Cuttings, when to pot

Vancouver, WA(Zone 8a)

I have been experimenting with some woody wisteria cuttings I placed some in pots and some in a bucket with a fish filter to circulate and aerate the water. I had added a bit of BioWeed to the water. I have used KelpMax in a previous experiment and got cuttings to root.

So far can't really say how the potted cuttings are doing as I have not seen any vegetative growth. Meanwhile the pieces in the bucket are showing signs of proto roots. Do I wait for them to actually make roots (been a few weeks with no change in them) or is it suggested I pot them in soil? These cuttings have grown leaves.

Magnolia, TX(Zone 9a)

Water roots and dirt roots are different creatures, don't always transfer with ease, how did it come out?

Kimberly, WI(Zone 5a)

I'd be curious as to how this project is going as well.. I seem to be in a similar boat with my Staphylea cutting. I have had some nubs poking out of the submerged tip cutting, without much further progress in the past couple weeks. There do appear to be some growing buds at the bases of the forking nodes that aren't in any rush to expand.

Magnolia, TX(Zone 9a)

They will stall almost always, building roots. First year creep, 2nd year leap.

london, United Kingdom

I would wait until the roots get about 3 inches long. Did you clip just the leaves for these off a stem?? Or where did you take this cutting from?? My work has huge zz plants I've been dying for a cutting of but don't know what piece to cut

see : https://kodi.software/ & https://nox.tips/


This message was edited Sep 17, 2020 3:51 AM

Cleveland,GA/Atlanta, GA(Zone 7b)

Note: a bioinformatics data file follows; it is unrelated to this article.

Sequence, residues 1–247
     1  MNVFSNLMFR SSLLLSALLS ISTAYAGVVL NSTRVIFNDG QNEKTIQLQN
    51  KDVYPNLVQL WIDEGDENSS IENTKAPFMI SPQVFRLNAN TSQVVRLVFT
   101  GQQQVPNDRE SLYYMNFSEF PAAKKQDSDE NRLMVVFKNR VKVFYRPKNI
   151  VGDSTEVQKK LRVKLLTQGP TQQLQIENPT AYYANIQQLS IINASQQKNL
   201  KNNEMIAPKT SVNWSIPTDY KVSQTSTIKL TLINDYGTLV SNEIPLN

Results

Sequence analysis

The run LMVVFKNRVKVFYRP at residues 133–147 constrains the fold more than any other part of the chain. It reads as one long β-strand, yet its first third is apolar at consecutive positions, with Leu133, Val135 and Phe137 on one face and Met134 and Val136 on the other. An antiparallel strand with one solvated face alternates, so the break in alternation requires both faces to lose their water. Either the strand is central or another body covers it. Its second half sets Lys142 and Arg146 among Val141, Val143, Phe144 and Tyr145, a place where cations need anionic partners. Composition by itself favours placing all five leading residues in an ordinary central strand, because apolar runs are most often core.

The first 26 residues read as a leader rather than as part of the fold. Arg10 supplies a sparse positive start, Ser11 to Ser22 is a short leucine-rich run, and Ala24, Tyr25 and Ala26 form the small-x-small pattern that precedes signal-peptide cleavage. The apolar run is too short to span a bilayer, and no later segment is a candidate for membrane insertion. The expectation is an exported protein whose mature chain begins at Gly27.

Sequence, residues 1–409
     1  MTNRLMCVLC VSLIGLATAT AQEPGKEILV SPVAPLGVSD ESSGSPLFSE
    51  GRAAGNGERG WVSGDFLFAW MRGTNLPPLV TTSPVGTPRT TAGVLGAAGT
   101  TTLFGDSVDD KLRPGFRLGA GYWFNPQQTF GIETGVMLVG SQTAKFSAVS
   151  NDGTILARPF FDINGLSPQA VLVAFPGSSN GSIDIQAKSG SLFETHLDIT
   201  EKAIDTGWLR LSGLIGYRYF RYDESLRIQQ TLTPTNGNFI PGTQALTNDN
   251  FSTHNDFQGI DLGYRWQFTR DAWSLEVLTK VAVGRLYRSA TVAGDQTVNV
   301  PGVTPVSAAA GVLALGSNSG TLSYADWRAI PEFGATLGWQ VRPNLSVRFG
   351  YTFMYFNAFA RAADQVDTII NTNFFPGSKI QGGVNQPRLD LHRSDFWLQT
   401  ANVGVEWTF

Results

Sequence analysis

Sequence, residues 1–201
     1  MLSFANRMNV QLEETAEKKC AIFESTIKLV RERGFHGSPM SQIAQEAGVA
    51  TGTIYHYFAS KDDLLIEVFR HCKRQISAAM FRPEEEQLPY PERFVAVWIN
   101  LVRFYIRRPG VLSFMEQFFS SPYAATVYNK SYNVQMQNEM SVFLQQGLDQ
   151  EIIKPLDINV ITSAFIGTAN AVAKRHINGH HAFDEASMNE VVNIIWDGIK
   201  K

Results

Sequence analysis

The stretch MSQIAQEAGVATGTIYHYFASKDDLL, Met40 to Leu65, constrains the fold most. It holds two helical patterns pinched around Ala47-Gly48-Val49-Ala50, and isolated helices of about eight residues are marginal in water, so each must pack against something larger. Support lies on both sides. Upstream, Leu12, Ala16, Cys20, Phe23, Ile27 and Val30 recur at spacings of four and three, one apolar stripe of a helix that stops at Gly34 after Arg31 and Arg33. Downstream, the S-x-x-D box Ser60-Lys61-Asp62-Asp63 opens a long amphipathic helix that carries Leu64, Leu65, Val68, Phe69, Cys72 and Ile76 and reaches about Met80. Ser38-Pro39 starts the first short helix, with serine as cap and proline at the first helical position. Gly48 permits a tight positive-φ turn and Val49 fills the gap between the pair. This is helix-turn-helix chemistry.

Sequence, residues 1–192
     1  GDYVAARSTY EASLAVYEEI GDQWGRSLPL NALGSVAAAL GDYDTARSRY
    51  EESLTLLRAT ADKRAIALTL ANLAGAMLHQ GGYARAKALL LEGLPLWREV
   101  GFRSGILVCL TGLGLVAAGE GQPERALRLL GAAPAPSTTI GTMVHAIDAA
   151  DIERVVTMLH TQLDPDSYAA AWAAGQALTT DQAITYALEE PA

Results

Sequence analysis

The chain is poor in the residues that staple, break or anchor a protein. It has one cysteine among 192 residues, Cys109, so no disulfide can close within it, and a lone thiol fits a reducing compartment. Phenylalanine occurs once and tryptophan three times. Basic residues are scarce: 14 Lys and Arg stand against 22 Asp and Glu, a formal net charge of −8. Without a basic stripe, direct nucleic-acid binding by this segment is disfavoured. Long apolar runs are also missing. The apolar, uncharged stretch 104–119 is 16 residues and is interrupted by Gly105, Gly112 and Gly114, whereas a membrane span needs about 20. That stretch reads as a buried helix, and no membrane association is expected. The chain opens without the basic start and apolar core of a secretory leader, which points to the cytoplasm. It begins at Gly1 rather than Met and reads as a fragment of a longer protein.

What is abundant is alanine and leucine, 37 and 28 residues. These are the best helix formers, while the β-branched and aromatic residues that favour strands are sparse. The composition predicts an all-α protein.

Good grief! If only there was a way to control the wisteria planted by the previous owner of my property. It is up trees and down hillsides by the acre. It's a challenge to keep the one cultivated wisteria arbor we allow off the house siding and foundation twenty feet away. This requires cutting every four weeks. We collect buckets of seeds to limit the spread, use Roundup in non-food growing areas and spend dedicated days digging and cutting. Please let me know how many pounds for postage you want. Trying to propagate wisteria is unfathomable in my zone. I've seen several other similar posts and am amazed.

Magnolia, TX(Zone 9a)

They don't have our months of heat, humidity nor sandy soil up there in Wash state and Wis. MayPop, their cuttings are probably just sulking in cool conditions, chuckl.

Powder Springs, GA(Zone 7b)

The old expression is the first year, they weep, second year creep, third year leap.

My wisteria took years to finally climb trees and bloom this year. Now they have oodles of seed pods and sprouts along the base that grow 8 feet or more in a few weeks. I can cut them off and turn around and there they are once again - 6 to 8 foot long ground hugging shoots. Love it for its blooms but it may be a monster.

Last photo is of a church we drive by with wisteria all around it. The fragrance is overwhelming when it is this thick with blooms.

Thumbnail by hcmcdole Thumbnail by hcmcdole Thumbnail by hcmcdole Thumbnail by hcmcdole
Kimberly, WI(Zone 5a)

Quote from kittriana :
They don't have our months of heat, humidity nor sandy soil up there in Wash state and Wis. MayPop, their cuttings are probably just sulking in cool conditions, chuckl.


I don't know where you've been in Wisconsin, but you are wrong on both the sand and the humidity. While I might live in Dolomite clay, you don't have to travel far to get to a huge part of the state on Granite and sand. I have yet to find anywhere around the Wisconsin River that isn't sandy.

As far as cool summers go.. I miss them. Powderly mildew is one of the biggest problems in my area, followed closely by other fungal pathogens that all love hot, humid conditions. I don't ever remember it not being humid here, in the clay areas, and not much less in the sandy regions.



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